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The Duke Chronicle On Kyle Filipowski

And what he’ll bring to the Blue Devils

Jr. NBA World Championship - Northeast Regional
ARDSLEY, NEW YORK - JULY 1: Matthew Filiposki #25 and Kyle Filipowski #22 of the 6th Boro Hoops during the game against the Seaford Heat during the Jr. NBA World Championship Northeast Regional on July 1, 2018 at House of Sports in Ardsley, New York. 
Photo by Michelle Farsi/NBAE via Getty Images

For a long time, Mike Krzyzewski had to recruit imaginatively. In his early years, he wasn’t able to get top-shelf talent and in the very beginning, he whiffed.

A lot.

In his first big attempt, he lost just about every major target he went after. Then he narrowed his focus and, for a while, told players that he was recruiting him and this other guy and he’d take whoever committed first.

Effectively he reversed the pressure, which was pretty brilliant.

Still, other than Danny Ferry, he wasn’t always getting the huge talents. It took a few years for that to start happening and even then, some things didn’t work out the way he expected. Bobby Hurley chose Duke because UNC was homed in on Kenny Anderson (who ended up going to Georgia Tech, which meant UNC lost out on both great point guards). A lot of people thought Crawford Palmer might be better than Christian Laettner.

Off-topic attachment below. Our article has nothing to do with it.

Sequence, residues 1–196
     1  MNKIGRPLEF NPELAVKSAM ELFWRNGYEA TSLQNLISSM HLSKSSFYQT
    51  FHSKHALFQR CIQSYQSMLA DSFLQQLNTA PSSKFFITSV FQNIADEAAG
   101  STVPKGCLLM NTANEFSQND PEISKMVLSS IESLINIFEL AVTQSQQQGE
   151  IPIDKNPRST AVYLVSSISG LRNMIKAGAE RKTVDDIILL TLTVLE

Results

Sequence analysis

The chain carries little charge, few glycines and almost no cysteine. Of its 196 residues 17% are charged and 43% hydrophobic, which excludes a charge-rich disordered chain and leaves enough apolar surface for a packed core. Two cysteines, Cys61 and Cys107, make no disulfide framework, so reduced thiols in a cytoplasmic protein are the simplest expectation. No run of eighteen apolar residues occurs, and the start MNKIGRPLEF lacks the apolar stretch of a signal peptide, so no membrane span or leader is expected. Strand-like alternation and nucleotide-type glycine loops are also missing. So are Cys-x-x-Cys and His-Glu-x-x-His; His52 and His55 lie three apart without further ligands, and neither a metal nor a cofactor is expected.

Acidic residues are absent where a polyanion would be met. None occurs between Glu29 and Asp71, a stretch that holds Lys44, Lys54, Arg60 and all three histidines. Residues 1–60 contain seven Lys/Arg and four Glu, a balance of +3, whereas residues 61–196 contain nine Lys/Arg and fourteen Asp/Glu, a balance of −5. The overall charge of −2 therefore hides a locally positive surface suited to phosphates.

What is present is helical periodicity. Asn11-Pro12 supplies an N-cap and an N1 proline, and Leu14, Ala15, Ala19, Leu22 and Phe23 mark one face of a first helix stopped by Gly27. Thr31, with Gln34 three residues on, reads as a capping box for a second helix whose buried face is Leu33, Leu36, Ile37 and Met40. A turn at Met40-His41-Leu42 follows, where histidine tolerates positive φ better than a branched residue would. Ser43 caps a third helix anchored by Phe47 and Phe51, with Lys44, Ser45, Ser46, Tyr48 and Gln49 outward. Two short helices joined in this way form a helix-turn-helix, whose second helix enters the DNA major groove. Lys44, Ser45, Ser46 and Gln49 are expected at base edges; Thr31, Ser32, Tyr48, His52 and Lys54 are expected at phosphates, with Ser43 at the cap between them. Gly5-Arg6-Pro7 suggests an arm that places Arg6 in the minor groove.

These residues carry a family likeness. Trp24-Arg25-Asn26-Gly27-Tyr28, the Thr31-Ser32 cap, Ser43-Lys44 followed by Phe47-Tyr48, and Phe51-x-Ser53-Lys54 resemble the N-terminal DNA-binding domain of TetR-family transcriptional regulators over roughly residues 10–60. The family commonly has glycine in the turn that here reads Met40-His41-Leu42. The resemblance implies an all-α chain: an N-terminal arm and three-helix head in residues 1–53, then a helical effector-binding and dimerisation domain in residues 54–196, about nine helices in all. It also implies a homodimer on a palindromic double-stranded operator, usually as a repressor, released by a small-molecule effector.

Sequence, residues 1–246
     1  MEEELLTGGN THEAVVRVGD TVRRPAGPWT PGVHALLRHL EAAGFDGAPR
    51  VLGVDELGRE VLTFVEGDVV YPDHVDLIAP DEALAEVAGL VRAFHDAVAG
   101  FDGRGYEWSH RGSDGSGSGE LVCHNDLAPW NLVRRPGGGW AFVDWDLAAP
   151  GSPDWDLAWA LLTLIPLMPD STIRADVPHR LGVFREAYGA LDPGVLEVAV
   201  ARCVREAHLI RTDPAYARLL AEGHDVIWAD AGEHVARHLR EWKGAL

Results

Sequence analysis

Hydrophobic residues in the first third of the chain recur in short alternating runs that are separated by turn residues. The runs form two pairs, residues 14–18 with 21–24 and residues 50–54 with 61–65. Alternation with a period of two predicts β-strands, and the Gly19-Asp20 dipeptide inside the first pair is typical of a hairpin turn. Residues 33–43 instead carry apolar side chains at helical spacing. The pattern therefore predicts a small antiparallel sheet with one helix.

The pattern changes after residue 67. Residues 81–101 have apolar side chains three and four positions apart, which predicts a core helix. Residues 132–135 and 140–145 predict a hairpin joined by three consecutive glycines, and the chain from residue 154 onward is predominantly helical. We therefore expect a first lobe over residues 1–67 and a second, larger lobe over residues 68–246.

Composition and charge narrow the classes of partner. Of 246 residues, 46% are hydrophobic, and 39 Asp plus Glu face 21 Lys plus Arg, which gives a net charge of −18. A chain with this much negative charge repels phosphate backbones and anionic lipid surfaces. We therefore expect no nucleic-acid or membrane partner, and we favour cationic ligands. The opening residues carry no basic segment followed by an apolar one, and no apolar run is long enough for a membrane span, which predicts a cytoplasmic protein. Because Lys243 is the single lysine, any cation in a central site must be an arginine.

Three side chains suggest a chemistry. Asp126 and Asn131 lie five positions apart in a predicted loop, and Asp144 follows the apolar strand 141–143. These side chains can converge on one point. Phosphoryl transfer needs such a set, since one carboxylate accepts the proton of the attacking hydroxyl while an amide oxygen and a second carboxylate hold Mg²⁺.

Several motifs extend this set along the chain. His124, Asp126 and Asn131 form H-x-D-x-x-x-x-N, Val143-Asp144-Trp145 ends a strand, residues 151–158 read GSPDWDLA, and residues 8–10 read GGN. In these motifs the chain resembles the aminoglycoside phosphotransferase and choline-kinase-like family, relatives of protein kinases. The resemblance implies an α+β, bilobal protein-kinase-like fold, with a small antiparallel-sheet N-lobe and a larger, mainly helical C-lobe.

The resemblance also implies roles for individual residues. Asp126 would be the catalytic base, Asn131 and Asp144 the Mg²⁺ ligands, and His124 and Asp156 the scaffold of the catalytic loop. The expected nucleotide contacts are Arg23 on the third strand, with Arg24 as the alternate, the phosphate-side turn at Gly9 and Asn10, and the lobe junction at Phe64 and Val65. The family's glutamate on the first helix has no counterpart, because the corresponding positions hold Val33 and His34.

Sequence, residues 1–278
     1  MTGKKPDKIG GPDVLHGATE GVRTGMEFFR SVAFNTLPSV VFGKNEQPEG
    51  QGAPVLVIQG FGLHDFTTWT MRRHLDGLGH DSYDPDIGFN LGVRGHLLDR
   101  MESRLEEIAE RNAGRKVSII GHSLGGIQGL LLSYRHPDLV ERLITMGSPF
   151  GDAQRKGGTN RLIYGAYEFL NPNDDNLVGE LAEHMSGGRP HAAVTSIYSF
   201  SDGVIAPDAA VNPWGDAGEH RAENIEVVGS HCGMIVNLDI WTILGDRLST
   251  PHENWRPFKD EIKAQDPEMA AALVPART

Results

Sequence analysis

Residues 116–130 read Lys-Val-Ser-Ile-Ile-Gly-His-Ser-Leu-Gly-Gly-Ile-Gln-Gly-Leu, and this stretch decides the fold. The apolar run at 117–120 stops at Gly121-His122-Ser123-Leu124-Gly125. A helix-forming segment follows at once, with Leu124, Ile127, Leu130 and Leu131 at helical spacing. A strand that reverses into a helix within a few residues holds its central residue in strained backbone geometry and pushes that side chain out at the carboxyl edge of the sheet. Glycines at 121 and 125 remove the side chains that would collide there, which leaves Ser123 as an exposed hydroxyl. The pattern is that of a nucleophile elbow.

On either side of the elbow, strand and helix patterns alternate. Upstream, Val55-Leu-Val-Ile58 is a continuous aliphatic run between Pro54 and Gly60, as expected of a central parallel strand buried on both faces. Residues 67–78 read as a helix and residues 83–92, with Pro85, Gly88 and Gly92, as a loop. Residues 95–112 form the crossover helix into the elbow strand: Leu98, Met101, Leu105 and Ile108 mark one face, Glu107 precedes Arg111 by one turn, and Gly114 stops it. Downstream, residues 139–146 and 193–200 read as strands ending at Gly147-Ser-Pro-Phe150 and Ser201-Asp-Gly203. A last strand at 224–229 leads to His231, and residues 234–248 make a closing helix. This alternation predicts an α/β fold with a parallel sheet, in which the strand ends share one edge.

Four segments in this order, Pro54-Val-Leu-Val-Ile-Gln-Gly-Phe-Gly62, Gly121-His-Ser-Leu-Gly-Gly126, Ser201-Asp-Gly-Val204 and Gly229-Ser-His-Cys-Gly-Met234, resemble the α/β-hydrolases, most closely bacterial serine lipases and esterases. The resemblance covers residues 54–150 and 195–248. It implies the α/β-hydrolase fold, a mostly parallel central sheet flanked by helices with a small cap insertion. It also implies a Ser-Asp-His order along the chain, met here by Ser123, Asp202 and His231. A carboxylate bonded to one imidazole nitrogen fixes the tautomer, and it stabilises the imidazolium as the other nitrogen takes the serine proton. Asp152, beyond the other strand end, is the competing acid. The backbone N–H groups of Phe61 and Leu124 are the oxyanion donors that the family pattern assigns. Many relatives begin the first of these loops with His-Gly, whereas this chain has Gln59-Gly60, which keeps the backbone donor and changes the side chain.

Lately of course, Duke has brought in tremendous classes and put tons of players in the NBA. It’s been fun to watch.

So Kyle Filipowski, in one sense, is a bit of a throwback.

Duke caught him on the rise - he’s not a Top Ten recruit right now - but he’s generally expected to move in that direction.

In another sense though he’s anything but a throwback. Starting with Ferry, Duke has consistently recruited versatile big men. Despite Duke’s insistence on not listing positions, they’ve been tagged as Stretch 4’s.

Ferry, Laettner, Roshown McLeod, Shane Battier, Mike Dunleavy, Ryan Kelly, Kyle Singler, Marvin Bagley, Cam Reddish, Justin Robinson, Vernon Carey and Matthew Hurt all played the role in different ways.

This year it’ll be Paolo Banchero.

And next year, Filipowski.

The Duke Chronicle looks at what he brings to Jon Scheyer’s first team.

Filipowski’s high school coach, Mike Mannix, says this about his star:

“He loves to win and when he doesn’t win, he takes it to heart and it’s more motivation. When he does win, he doesn’t get complacent...I’ve said tongue in cheek, show me another frontcourt player in the country or a combo forward in the country that can average 13 rebounds and handle the ball like he does, and then shoot 39 percent from three.”

Sounds like he should fit right in.